Winterhorn is an incredible game that does for LARPs what Papers Please did for videogames, making the banality of evil in authoritarian regimes real.
You are an interagency working group in an unnamed country loosely based on East Germany (but even western democracies have secret police, the FBI ran COINTELPRO for decades, and in 2003 a British undercover agent had a child with an activist before disappearing.) Your target is Winterhorn, an activist group composed of seven core members with ideals, desires, and weaknesses laid out in the briefing material. Additionally, you have a role as a secret police agent, with a past and an agenda of your own.
Over three rounds of thirty minutes each, your secret police squad will select seven options from deck of twelve secret police tactics, ranging in violence from hands-off wiretapping to sending 'patriotic' thugs (off-duty cops) to assault members of Winterhorn. You can also be tricky, setting up front groups to siphon away recruits and using "bad jacketing" to destroy the cohesion of the group by planting rumors suggesting some members are informers for the secret police. At the end of the game, the seven tactics that you chose in the last round are used to create a final report drawn from paragraphs in the rules, which describes how well the group succeeded in its mission. Then you debrief and discuss the ethics of the secret police.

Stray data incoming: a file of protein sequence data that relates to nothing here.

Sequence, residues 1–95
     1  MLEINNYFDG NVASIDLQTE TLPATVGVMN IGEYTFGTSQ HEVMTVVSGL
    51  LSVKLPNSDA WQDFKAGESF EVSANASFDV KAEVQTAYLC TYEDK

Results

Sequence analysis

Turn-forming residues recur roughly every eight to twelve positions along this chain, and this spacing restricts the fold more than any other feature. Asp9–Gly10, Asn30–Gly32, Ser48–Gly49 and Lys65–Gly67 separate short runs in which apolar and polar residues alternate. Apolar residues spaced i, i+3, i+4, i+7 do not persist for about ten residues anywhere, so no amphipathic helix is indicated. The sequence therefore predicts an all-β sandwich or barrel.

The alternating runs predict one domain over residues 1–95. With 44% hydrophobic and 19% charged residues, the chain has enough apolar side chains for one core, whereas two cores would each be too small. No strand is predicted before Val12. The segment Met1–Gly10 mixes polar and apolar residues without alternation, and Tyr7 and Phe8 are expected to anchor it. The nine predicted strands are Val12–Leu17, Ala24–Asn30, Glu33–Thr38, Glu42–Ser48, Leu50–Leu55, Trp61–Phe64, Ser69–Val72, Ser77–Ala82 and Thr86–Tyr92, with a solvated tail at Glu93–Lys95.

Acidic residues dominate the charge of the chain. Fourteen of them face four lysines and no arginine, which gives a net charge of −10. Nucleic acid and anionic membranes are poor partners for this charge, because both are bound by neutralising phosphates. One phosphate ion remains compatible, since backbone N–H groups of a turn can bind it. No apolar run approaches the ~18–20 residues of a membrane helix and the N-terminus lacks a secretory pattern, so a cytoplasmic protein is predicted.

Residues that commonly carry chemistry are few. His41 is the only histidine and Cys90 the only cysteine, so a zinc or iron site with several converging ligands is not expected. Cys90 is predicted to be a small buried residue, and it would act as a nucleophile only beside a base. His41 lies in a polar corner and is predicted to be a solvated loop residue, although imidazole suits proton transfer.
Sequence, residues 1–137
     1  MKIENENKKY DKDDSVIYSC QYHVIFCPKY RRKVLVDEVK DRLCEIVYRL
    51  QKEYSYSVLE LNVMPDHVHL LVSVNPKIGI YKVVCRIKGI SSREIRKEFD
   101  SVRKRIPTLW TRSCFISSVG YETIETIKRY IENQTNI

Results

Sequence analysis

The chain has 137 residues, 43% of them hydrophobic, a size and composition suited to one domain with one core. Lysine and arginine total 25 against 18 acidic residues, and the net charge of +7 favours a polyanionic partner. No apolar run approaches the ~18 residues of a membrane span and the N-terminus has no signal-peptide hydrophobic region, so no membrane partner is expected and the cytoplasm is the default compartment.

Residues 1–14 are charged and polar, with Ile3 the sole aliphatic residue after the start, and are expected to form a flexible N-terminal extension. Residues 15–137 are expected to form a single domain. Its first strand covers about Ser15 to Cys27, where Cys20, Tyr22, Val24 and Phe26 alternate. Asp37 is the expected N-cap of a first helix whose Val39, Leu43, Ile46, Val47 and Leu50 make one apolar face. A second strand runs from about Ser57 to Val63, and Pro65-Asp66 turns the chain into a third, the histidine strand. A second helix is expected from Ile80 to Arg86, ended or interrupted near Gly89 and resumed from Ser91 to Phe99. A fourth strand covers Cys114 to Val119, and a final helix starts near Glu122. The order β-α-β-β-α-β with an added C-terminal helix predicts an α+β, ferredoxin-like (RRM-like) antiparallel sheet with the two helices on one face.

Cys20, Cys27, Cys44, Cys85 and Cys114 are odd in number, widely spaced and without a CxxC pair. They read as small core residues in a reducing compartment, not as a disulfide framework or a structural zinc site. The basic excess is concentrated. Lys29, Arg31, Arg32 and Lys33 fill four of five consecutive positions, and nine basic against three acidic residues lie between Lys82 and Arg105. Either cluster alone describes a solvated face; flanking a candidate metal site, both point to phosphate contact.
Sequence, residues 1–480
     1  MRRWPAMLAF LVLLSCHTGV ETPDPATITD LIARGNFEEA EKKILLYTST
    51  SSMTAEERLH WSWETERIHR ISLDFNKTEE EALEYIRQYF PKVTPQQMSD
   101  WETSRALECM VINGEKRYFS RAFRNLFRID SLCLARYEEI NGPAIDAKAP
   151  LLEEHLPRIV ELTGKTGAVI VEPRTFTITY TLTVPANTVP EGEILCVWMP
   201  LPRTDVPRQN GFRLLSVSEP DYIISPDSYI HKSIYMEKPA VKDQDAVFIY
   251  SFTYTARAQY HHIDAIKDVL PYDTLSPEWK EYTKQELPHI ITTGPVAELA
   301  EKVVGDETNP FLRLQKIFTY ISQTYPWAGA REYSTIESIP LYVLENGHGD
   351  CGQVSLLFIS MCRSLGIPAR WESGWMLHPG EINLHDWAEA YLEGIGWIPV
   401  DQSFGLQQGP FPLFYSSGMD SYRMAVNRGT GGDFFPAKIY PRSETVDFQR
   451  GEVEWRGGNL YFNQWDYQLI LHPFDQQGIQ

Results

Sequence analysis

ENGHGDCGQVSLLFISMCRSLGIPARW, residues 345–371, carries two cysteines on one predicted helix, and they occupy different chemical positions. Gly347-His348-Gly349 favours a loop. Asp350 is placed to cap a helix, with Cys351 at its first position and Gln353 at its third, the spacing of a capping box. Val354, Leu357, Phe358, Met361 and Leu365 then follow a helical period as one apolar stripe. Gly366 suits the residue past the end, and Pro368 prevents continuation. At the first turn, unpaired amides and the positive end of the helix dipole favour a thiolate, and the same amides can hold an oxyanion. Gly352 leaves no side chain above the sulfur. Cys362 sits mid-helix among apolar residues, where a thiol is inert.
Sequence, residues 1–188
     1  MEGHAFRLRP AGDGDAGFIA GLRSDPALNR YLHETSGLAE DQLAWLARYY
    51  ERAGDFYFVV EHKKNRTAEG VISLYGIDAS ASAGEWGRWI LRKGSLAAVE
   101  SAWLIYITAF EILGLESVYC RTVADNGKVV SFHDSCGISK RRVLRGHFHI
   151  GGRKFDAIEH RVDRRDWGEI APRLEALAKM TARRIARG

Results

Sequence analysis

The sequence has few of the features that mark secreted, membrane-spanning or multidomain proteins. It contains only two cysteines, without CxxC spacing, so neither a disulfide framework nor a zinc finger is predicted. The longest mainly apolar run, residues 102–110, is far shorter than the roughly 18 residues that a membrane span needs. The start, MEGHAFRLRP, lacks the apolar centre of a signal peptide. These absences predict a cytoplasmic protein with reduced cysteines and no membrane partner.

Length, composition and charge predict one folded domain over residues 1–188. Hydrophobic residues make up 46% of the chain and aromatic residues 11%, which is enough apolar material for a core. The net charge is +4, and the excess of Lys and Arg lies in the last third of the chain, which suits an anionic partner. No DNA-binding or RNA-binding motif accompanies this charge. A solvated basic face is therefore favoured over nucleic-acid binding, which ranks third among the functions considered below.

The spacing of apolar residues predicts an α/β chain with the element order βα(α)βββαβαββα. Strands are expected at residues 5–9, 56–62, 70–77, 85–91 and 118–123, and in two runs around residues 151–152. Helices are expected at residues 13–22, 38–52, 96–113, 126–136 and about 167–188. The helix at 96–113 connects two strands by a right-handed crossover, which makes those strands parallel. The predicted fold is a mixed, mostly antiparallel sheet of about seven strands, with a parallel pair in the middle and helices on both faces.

Winterhorn is a shining example of rules-light design. Key game information like character roleplaying notes, OOC roles, and the results of operations, are contained on playing cards. The system of choosing seven of twelve options forces the group to evaluate and select tactics, but it is possible to over-commit and blow the operation. It's a brilliant piece of game design which creates an emergent narrative without getting tied down in complex rules or props. Twelve alternate operation cards provide a smidgen of replayability, but Winterhorn is mostly a one-and-done experience. The graphic design is top-notch, with bureaucratic memos describing Winterhorn, and a samizdat zine describing the secret police. You can choose to print-and-play the cards or buy them (mine are in the mail, and I full expect them to be excellent). A brief essay on the history of subverting political enemies rounds out the materials.
With the caveats that this is a read-through review rather than a playtest review, though I can't imagine the rules breaking, and that I didn't comprehensively crosscheck the cards to see if nonsense outcomes could arise, I love this game. Education and LARPing are two flavors that should go together like chocolate and peanut butter, but making a good EduLARP is surprisingly hard. As a tabletop gamer and professor, I've been only moderately impressed with the games put out by the Reacting to the Past (RttP) consortium. RttP may beat the standard rigmarole of lectures and essays, but the game design is not particularly sophisticated, and my time in the RttP facebook group suggests that most professors have similar problems about students not reading background material, not getting involved, and the game system giving nonsensical answers about how the siege of Athens proceeds. My own efforts in this area were a near-total failure of design goals saved only by brilliant improvisation on the part of my co-instructors. So believe me when I say A) this stuff is hard and B) Jason Morningstar has cracked the code.